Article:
In the UK, just as with many other places around the world, convictions are understood either to be ‘spent’ or ‘unspent’. For many people, receiving any criminal punishment makes them worry that they will be lumbered with that record for life, but thankfully this is not always the case. In the remainder of this article, we look at some key differences between ‘spent’ and ‘unspent’ convictions and explain in detail how they are shown on criminal records. This should help you to figure out whether you must disclose your record to employers, insurance agencies, and other bodies who sometimes require this information.
The difference between spent and unspent convictions is actually relatively simple. If your conviction is ‘spent’, you have a legal right not to disclose that conviction to people like employers and insurance agencies.
If your conviction is ‘unspent’, you may still have to disclose that conviction if you are asked about any past criminal convictions or criminal record history.
What is more complicated is figuring out whether a conviction is spent or unspent, and when you might have to declare it legally.
Convictions become spent once a certain period of time – known as the ‘rehabilitation period’ – has passed.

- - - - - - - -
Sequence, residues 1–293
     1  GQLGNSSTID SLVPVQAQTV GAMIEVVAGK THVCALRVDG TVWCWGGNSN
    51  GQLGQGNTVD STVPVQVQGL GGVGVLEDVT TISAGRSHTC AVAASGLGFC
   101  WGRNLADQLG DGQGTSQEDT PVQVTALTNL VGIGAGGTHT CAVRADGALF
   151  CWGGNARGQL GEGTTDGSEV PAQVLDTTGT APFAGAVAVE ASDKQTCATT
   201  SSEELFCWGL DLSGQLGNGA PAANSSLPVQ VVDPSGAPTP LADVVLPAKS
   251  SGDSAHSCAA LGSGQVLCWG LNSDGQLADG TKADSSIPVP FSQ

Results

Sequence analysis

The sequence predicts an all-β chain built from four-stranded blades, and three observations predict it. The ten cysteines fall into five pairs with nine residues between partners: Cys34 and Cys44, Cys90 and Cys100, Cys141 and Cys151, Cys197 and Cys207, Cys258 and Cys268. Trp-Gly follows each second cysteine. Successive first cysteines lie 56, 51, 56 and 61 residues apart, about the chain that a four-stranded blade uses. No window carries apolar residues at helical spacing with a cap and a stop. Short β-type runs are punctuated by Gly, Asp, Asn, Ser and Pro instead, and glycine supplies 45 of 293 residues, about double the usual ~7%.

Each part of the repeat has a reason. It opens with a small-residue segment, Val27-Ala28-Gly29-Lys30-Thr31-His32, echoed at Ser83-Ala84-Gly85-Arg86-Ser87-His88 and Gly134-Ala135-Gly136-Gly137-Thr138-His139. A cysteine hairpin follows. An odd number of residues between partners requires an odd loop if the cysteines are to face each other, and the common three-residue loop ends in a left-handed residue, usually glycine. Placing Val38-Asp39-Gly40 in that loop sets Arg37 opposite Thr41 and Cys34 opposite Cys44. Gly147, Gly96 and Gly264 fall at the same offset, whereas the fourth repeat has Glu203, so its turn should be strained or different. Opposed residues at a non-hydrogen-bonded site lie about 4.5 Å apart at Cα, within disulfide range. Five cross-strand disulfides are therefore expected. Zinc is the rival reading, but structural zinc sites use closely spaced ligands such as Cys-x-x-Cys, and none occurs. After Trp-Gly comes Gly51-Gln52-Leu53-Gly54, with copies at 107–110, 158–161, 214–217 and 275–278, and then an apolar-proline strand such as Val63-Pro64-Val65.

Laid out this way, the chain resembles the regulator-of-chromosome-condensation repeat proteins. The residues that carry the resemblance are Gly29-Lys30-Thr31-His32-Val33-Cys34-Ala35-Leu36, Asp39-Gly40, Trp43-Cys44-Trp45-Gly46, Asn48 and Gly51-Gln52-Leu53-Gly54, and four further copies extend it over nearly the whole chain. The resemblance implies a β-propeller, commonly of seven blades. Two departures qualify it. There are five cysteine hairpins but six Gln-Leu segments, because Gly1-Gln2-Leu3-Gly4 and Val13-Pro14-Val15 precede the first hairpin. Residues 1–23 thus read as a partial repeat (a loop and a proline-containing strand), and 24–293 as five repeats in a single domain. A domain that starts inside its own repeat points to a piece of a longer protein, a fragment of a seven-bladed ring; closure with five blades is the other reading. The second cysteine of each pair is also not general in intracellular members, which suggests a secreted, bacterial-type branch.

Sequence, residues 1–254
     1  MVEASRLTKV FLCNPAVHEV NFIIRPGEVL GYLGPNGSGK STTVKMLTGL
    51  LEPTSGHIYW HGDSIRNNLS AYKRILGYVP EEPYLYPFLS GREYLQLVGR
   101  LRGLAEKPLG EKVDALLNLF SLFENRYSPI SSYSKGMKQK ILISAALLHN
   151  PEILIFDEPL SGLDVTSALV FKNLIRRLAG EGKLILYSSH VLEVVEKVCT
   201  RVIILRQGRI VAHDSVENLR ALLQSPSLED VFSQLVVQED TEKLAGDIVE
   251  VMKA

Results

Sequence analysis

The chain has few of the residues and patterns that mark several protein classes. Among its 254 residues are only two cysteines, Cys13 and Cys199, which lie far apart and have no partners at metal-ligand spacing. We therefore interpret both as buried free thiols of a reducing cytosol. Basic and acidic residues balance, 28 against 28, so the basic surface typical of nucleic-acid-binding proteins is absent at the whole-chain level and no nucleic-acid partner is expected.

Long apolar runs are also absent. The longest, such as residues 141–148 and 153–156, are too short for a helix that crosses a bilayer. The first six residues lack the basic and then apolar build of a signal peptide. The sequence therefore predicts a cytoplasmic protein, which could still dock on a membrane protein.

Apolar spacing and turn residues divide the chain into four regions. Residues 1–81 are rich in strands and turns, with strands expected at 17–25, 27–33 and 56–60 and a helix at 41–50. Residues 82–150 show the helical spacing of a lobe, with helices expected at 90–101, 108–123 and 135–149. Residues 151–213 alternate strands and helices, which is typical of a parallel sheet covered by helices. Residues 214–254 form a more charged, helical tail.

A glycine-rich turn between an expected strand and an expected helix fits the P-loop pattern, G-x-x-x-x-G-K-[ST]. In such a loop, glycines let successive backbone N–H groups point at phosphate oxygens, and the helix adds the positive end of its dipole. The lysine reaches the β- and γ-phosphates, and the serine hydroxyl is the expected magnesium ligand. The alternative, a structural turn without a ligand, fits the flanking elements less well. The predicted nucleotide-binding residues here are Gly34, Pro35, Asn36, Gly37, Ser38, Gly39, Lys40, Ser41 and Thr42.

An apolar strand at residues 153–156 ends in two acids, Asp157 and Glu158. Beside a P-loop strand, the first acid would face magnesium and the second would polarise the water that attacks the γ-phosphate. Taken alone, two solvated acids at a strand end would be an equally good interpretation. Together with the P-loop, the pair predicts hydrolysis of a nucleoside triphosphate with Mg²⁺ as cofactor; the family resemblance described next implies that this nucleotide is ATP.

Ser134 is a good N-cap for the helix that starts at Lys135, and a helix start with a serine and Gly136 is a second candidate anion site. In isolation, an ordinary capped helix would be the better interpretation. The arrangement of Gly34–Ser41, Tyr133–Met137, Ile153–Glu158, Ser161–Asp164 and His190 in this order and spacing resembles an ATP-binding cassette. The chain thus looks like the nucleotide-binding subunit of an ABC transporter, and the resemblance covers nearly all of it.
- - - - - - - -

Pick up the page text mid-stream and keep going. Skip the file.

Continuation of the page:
For those that received sentences of over four years, or those who received sentences for public protection, unfortunately, the conviction never becomes spent. This means it may be shown on your criminal record indefinitely.
For those sentences of four years exactly or under, the rehabilitation period varies depending on the age of the offender at conviction, the length of the sentence, and the type of sentence.
For any prison sentence, including suspended sentences, the rehabilitation period is:
|Adult (at least 18 years old at the time of the conviction)||Over 4 years, or a public protection sentence||
|More than 30 months and less than or equal to 4 years||Full sentence + 7 years|
|More than 6 months and less than or equal to 30 months||Full sentence + 4 years|
|Less than or equal to 6 months||Full sentence + 2 years|
|Community order||Full length of the order + 1 year|
|Youth (under 18 years old at the time of the conviction)||Over 4 years, or a public protection sentence||
|More than 30 months and less than or equal to 4 years||Full sentence + 3.5 years|
|More than 6 months and less than or equal to 30 months||Full sentence + 2 years|
|Less than or equal to 6 months||Full sentence + 18 months|
|Youth rehabilitation order||Full length of the order + 6 months|